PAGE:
Cover crops can improve soil health and quality. These crops provide structure to the soil with their roots. This structure improves water holding capacity and prevents soil erosion. The root structure can also penetrate through compacted soil. This prepares the soil for crops with weaker roots that would not have been able to grow in compacted soil. Cover crops can also prepare the soil for a crop by adding necessary or absorbing excess nutrients. Overall, cover crops can be integrated into an agricultural system to make it more efficient and productive.
Cornell University Reduced Tillage Vegetables– information on farmers who are implementing these practices, equipment, funding for equipment, herbicides, and case studies – http://www.vegetables.cornell.edu/reducedtillage/
SARE Managing Cover Crops Profitably, 3rd Edition– This resource explores how and why cover crops work, and provides all the information needed to build cover crops into any farming operation. Along with detailed management information on the most commonly used specie, including grasses, grains, brassicas and mustards, and legumes this resource offers chapters on the role of cover crops in broader topics such as crop rotations, pests and conservation tillage. It also has appendices on seed suppliers and regional experts.- http://www.sare.org/Learning-Center/Books/Managing-Cover-Crops-Profitably-3rd-Edition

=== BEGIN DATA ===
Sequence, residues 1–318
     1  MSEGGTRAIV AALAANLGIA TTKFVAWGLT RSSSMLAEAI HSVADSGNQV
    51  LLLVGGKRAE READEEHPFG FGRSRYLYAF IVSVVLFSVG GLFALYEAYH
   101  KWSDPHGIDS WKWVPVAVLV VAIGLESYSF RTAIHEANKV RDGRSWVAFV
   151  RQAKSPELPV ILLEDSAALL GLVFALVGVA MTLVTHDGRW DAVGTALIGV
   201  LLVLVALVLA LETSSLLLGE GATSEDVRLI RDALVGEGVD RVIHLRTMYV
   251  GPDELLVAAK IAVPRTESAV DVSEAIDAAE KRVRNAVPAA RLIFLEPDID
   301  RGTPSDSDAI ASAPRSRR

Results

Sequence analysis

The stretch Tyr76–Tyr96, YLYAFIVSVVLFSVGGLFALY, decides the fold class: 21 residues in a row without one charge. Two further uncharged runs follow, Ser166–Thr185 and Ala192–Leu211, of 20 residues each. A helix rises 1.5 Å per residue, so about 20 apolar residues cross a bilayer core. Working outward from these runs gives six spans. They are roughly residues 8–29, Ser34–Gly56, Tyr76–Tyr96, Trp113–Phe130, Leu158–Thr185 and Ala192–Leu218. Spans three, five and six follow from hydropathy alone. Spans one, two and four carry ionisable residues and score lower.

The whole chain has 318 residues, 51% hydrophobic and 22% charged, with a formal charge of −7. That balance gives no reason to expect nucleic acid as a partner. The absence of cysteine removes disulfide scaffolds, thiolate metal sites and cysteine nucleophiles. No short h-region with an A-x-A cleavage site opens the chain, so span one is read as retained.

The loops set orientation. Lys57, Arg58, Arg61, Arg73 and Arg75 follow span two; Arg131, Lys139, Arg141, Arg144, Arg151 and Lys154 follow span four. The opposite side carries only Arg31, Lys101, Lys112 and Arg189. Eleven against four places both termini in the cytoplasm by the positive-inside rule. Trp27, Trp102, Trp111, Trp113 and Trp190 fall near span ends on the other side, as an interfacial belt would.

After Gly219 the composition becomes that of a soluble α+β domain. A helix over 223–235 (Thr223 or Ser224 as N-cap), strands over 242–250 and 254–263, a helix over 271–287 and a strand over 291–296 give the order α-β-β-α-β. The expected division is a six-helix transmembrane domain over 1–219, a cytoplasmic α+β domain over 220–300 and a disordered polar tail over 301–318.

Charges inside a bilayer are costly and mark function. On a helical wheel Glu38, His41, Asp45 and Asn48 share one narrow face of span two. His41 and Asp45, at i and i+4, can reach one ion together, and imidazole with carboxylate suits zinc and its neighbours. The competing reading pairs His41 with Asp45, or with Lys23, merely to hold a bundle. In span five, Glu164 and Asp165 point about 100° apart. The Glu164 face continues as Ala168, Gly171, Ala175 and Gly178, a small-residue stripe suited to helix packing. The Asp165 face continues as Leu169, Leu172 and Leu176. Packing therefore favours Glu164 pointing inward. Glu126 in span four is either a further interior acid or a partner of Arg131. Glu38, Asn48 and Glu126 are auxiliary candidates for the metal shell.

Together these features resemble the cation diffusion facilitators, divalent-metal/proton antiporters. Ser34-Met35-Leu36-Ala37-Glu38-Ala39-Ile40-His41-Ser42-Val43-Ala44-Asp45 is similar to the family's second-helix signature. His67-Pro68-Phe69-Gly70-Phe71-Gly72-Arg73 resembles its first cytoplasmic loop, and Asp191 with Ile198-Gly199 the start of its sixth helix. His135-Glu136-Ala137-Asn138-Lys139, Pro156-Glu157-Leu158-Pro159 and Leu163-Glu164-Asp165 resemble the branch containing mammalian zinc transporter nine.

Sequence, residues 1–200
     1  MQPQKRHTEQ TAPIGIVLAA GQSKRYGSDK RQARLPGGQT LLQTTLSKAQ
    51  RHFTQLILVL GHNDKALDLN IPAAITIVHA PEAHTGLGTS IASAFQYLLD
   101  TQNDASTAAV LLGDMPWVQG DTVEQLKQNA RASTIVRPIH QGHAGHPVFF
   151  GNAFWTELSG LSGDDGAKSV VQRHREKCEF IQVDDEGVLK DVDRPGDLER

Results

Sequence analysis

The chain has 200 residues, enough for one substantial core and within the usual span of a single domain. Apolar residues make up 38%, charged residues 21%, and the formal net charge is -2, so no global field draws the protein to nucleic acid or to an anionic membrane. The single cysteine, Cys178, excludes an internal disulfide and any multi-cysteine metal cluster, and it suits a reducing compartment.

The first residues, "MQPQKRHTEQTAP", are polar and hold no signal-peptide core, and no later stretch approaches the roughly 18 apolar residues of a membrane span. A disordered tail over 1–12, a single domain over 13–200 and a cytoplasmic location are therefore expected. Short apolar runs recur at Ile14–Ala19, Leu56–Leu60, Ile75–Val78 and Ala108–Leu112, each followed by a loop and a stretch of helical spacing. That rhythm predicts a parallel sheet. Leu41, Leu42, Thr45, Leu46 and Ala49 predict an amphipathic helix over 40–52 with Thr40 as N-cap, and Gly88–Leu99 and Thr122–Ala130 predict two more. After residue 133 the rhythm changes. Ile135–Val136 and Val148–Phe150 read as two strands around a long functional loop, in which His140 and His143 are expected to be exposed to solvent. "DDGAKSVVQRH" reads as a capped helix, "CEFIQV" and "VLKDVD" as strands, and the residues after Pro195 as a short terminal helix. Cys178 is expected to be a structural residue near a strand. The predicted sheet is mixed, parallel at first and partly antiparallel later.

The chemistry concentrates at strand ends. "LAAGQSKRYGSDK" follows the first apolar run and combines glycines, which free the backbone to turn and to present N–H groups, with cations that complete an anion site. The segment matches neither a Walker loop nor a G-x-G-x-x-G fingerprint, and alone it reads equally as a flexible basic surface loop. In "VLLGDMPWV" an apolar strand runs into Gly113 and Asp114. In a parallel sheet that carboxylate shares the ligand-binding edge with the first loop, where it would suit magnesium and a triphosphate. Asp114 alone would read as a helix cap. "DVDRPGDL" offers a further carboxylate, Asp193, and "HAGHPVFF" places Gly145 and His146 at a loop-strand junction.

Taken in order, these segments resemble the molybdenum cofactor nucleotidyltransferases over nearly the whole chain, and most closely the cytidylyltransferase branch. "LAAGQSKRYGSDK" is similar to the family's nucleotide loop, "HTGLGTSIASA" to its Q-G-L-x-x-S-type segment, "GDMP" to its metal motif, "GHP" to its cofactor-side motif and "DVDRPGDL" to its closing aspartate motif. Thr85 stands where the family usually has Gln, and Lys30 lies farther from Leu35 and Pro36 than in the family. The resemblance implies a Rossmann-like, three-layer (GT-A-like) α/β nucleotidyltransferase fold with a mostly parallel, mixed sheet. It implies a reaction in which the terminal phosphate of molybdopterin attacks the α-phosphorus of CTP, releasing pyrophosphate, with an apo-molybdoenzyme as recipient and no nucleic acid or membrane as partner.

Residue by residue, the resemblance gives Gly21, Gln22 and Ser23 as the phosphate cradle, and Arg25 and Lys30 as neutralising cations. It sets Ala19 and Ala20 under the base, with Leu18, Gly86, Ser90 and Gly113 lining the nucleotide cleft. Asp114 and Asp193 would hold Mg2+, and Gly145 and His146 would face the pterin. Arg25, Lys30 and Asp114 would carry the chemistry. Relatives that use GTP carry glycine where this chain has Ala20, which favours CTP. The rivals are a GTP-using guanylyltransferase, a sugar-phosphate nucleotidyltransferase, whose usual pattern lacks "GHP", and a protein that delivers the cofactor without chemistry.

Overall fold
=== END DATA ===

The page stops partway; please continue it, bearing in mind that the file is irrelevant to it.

USDA Cover Crops and Soil Health– This resource provides links to plant guides on specific cover crops and a fact sheet on cover crop termination guidelines – http://www.nrcs.usda.gov/wps/portal/nrcs/detail/national/plantsanimals/plants/projects/?cid=stelprdb1077238
Under Cover Farmers– This video follows farmers and their beginnings with using cover crops in their systems. They talk about the cover crop species, how to seed, equipment, benefits, if it is economically viable, and much more.